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I always find useful and reliable answers in this forum and I hope this pattern will not change this time.

I was spending some time to check whether an intervention program had any effect on an outcome. Unfortunately, all examples I got from stats book did not reply to this question, once the majority of books create "simple" examples very distant from real data or empirical questions.

Let's imagine that the goal of qn intervention is to increase an "Assertive" Response and decrease all other responses.

To make it clear, let's say 60 participants were submitted to "psychotherapy" vs "Psychodynamics" and we have a "control" group. The participant's attitude was evaluated before and after the treatment using an ordinal category (assertive, passive and neutral).

The question is very simple: did the intervention work?

I know the Mcnemar test is a right option for this kind of question, however, Mcnemar does not include covariates (such as sex). In addition, Mcnemar does not "adjust" for different baselines. Some participants started with a "passive" attitude, whereas others started with an "assertive" attitude.

I have a "feeling" that an ordered logistic regression (considering random effects) can deal with this question, but I'm struggling to figure out how to model that using R.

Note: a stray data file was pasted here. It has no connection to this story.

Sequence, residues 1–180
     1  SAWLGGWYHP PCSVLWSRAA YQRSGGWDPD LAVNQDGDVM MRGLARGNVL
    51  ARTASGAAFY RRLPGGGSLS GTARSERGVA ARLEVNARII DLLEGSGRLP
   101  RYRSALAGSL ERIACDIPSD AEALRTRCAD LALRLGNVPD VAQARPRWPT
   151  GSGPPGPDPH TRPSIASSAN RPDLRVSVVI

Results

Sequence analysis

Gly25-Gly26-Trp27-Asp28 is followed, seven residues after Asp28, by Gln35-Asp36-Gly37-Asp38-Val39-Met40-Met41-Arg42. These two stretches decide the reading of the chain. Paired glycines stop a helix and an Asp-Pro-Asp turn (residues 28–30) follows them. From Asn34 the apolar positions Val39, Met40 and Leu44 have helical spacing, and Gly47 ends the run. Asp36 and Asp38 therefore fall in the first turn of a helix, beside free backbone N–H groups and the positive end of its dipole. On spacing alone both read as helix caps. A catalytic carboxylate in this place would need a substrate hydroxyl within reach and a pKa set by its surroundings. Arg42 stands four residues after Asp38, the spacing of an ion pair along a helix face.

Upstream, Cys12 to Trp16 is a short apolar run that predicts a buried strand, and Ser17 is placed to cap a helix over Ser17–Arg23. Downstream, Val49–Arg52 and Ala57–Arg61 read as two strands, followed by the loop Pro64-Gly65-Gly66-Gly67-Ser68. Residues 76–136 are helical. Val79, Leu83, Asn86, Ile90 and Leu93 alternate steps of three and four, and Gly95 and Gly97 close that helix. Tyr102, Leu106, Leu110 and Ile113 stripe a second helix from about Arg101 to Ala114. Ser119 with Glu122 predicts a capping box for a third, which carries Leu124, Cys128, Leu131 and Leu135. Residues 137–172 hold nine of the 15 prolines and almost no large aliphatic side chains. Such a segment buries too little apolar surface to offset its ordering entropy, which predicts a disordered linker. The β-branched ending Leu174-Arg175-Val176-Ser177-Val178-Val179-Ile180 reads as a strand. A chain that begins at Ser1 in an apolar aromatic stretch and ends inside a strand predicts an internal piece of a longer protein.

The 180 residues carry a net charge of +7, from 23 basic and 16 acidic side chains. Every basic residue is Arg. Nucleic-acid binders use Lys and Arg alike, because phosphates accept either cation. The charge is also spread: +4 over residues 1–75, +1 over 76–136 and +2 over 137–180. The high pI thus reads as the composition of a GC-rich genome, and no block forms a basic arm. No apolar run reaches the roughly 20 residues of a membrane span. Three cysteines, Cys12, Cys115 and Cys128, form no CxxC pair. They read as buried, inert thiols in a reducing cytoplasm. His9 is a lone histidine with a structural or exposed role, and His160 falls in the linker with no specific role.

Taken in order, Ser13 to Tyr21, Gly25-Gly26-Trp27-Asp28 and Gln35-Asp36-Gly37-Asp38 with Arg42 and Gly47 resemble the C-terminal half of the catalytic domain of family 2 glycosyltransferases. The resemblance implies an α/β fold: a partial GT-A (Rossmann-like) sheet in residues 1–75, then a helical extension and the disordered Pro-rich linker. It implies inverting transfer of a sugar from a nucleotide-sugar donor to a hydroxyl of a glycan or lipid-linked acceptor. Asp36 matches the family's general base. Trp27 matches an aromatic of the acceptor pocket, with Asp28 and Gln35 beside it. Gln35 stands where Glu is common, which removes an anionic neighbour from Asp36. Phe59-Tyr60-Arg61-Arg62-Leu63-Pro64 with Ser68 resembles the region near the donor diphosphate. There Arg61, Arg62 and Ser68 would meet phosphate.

I really appreciate any help and you can reproduce this code in R to clarify my question:

The closest we have in this forum is here.

Please inform if this question is duplicated or very hard to understand.\ Thanks

library(tidyverse)
set.seed(123)
ds <- data.frame(ID=seq.int(nrow(ds)),
                 resp_t2=rep(c("agressive","assertive","neutral"),times=c(5,40,15)),
                 resp_t1=rep(c("agressive","assertive","neutral")),
                 sex=c("male","female"),
                 group=c("Psychotherapy","Psychodynamics","Control"))

mcnemar.test(ds$resp_t2, ds$resp_t1)
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Because your dependent variable is ordinal in nature, ordinal regression is probably your best bet. Luckily the ordinal package in R allows for fixed effects and mixed effects models.

If I understand correctly, you want a data frame with variables Individual, Time, Sex, Group, Response. Your model might look something like this: Response ~ Time + Group + Time:Group + (1|Individual).

I think the effect of Time:Group will tell you what you want to know, though you may want to look at the effect of Time|Group. For this, you might look at the emmeans package.

Edit:

Below is some code for ordinal regression in R. I'm not saying that is is necessarily to the correct model for your situation. Also, please be sure to read the documentation for the ordinal package, as there are certain assumptions that must be met that aren't addressed here.

I changed the data.

Install packages.

if(!require(ordinal)){install.packages("ordinal")}
if(!require(multcompView)){install.packages("multcompView")}
if(!require(emmeans)){install.packages("emmeans")}

Create data.

set.seed(122)

ds <- data.frame(Individual = rep(1:60, 2),
                 Time = rep(1:2, each=60),
                 Response=c(sample(c("agressive","assertive","neutral"),60, replace=TRUE),
                            sample(c("agressive","assertive","neutral",
                                     "neutral","neutral","neutral"),
                                     20, replace=TRUE),